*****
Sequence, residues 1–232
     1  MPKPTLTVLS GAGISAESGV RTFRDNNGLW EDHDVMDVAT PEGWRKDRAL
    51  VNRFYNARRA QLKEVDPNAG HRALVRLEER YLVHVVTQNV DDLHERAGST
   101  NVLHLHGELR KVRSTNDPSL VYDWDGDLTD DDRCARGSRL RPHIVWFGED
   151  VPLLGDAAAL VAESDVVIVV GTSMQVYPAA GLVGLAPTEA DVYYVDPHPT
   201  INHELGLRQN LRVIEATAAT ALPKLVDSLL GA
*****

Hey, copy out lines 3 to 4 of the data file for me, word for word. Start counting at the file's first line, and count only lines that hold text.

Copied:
    51  VNRFYNARRA QLKEVDPNAG HRALVRLEER YLVHVVTQNV DDLHERAGST
   101  NVLHLHGELR KVRSTNDPSL VYDWDGDLTD DDRCARGSRL RPHIVWFGED